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Photoshop Elements 8 for Mac Essential Training highlights the important features of this comprehensive image editing application. Photographer Jan Kabili shows how to use Photoshop Elements 8, along with its companion program, Bridge CS4, to organize and edit photos, build projects like web galleries and photo collages, and share photos with family and friends. Jan dives deep into the application's editing tools, which rival those of the full product, Photoshop, in their ability to take snapshots and turn them into great photos. Exercise files accompany the course.
Have you ever taken a photo as a horizontal or landscape orientation photo and wished that you taken it as a vertical or a portrait orientation, maybe because you have a special vertical frame that you want to use with the photo? Well, there is a new tool in Elements 8, the Recompose tool, that can help you to change the orientation of a photo and it does that by cropping away areas inside the photo as opposed to the Crop tool which can only crop away around the edge of a photo. I have actually dragged out the document window so you can see where the edge of this photograph is.
I am going to select the Recompose tool, which is located behind the Crop tool here. Then I am going to go up to the Options bar for the Recompose tool. I am going to select this first icon, which looks like a green paintbrush. With this brush, I am going to identify for Elements the areas that I want to retain in the photo. So I am just going to scribble over this flag here and if I need to make my brush bigger, I can press the Right Bracket key on my keyboard to do that. I am also going to paint with green over the calf and then I am going to go to another tool, the red brush icon, in the Options bar, select that and with that one I am going to indicate which areas could be removed during the process of changing the orientation of the photo.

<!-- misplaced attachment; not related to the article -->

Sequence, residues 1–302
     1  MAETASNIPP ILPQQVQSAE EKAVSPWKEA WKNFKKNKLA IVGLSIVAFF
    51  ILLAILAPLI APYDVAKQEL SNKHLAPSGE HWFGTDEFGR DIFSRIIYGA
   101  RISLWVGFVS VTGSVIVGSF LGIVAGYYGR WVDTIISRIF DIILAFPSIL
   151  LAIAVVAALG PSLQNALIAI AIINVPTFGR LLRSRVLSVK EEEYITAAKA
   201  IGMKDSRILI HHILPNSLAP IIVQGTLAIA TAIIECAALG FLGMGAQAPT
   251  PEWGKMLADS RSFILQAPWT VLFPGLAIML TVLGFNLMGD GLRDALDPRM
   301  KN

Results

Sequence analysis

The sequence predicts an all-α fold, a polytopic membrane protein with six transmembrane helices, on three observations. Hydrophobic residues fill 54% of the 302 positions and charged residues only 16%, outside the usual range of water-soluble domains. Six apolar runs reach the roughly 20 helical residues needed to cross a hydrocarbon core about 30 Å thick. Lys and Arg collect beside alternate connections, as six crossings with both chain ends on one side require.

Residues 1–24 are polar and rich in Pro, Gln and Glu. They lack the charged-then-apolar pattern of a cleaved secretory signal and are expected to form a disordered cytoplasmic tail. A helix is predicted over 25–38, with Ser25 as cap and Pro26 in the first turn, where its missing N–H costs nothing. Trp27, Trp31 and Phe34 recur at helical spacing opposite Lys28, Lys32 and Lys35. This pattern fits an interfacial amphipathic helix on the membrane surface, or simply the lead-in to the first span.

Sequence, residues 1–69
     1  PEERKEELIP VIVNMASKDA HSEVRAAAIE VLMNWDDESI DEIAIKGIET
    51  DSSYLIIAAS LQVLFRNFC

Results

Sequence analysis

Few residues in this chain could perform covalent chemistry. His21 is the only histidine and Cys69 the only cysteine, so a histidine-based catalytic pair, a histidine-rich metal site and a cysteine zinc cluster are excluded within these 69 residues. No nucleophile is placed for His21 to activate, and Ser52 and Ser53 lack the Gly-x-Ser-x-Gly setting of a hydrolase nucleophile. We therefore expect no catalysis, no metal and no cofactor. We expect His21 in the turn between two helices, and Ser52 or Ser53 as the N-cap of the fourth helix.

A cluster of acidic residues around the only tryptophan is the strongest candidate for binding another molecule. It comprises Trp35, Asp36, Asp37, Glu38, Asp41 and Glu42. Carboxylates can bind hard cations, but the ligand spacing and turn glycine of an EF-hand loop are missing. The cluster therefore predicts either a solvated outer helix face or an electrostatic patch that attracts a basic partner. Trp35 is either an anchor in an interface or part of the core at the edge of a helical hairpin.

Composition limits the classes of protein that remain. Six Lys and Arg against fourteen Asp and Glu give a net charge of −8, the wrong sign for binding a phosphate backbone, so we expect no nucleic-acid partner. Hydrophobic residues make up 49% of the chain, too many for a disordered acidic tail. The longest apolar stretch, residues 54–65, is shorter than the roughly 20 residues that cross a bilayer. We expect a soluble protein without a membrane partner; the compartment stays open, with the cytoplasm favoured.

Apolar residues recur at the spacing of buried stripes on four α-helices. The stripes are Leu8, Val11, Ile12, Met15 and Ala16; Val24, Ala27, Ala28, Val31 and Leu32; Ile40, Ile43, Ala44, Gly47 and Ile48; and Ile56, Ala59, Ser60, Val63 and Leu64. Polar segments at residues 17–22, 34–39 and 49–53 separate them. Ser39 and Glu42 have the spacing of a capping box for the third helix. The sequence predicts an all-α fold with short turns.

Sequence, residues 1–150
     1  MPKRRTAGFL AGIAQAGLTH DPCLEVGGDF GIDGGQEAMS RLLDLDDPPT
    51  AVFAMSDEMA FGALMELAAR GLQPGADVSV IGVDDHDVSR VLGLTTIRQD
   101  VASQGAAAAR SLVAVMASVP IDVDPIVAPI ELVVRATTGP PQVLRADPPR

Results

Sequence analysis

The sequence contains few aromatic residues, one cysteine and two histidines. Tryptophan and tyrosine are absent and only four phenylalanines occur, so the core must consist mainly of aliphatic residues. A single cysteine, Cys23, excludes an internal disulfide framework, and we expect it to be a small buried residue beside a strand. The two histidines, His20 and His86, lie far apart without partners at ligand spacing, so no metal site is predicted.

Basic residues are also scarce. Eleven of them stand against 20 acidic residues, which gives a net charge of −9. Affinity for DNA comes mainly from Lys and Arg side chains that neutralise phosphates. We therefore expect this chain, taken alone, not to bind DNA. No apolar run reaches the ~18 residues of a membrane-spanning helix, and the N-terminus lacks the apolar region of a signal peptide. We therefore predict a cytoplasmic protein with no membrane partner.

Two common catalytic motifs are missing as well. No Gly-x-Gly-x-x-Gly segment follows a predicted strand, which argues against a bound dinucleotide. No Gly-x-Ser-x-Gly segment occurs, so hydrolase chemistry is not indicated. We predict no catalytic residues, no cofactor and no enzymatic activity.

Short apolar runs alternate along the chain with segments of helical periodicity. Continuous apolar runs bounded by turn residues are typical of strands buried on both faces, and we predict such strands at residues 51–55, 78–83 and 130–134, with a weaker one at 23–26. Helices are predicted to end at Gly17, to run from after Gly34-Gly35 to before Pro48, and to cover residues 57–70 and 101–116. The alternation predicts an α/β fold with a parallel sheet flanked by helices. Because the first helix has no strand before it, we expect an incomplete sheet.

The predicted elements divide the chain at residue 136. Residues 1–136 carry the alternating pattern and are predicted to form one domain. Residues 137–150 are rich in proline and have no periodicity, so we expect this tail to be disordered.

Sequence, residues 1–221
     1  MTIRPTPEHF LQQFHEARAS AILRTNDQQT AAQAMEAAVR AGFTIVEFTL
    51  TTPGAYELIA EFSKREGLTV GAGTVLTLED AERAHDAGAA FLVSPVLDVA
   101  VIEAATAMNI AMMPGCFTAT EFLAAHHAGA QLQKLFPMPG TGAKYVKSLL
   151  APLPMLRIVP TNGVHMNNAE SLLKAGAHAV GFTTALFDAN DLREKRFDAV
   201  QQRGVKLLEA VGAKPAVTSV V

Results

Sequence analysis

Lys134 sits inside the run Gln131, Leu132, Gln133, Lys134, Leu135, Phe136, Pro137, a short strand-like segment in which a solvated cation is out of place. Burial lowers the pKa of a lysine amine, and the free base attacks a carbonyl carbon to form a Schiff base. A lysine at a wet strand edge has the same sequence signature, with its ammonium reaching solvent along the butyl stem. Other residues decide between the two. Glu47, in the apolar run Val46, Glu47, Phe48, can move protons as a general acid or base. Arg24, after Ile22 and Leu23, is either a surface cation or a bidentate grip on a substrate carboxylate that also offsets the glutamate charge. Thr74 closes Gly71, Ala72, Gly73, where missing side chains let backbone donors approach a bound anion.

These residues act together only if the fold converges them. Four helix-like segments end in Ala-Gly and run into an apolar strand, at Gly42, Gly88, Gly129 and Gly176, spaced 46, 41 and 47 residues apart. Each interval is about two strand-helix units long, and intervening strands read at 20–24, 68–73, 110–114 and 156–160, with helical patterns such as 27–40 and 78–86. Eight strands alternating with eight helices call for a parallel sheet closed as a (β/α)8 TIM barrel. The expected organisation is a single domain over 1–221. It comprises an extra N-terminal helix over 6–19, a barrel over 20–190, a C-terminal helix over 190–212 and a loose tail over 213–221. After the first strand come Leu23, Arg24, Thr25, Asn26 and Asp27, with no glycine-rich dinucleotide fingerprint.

And I am going to make a little mistake there and paint over onto the flag because I want to show you yet another option here in the Options bar and that is this Eraser icon. I will select that one and I will come in and I will erase the red that I added on top of the flag because I do want to protect the flag as I change the orientation of the photo. If there were any people in this image, I would make sure that this icon was enabled so that the people would be protected as the orientation of the photo changes. From the Preset menu, I could choose a set size for the final image or I could just choose Use Photo Ratio to create a final image that's in a typical ratio for a photograph.
Now I am going to click on the right anchor point here and I am going to drag to the left to start recomposing the photo. And notice, as I do, Elements is cropping away areas in middle between the flag and the cow. And it does a pretty good job, although there are some little jagged edges here and if I was going to be really fastidious about this, I would undo and try to redraw in this area with the red brush icon.
But I am just going to leave that for now. I think this is an acceptable result and I am going to click the green checkmark here and I have now changed the orientation of the photo from horizontal to vertical. There is only one thing left to do and that's to remove this gray and white checkerboard, which represents the leftover transparent area from the original image. To do that, I am going to go to the Recompose tool, click and hold and choose the Crop tool instead. And then with the Crop tool, I'll start outside of the top-left corner and drag down and to the right to surround the vertical photo and then I'll click the green checkmark to crop down to that vertical shape, removing the transparent pixels that were left over after use of the Recompose tool.
I might come into this area and try to retouch that with the Healing Brush or perhaps with the Clone Stamp tool. So that's how to use the new Recompose tool to change the orientation of an image from horizontal to vertical.
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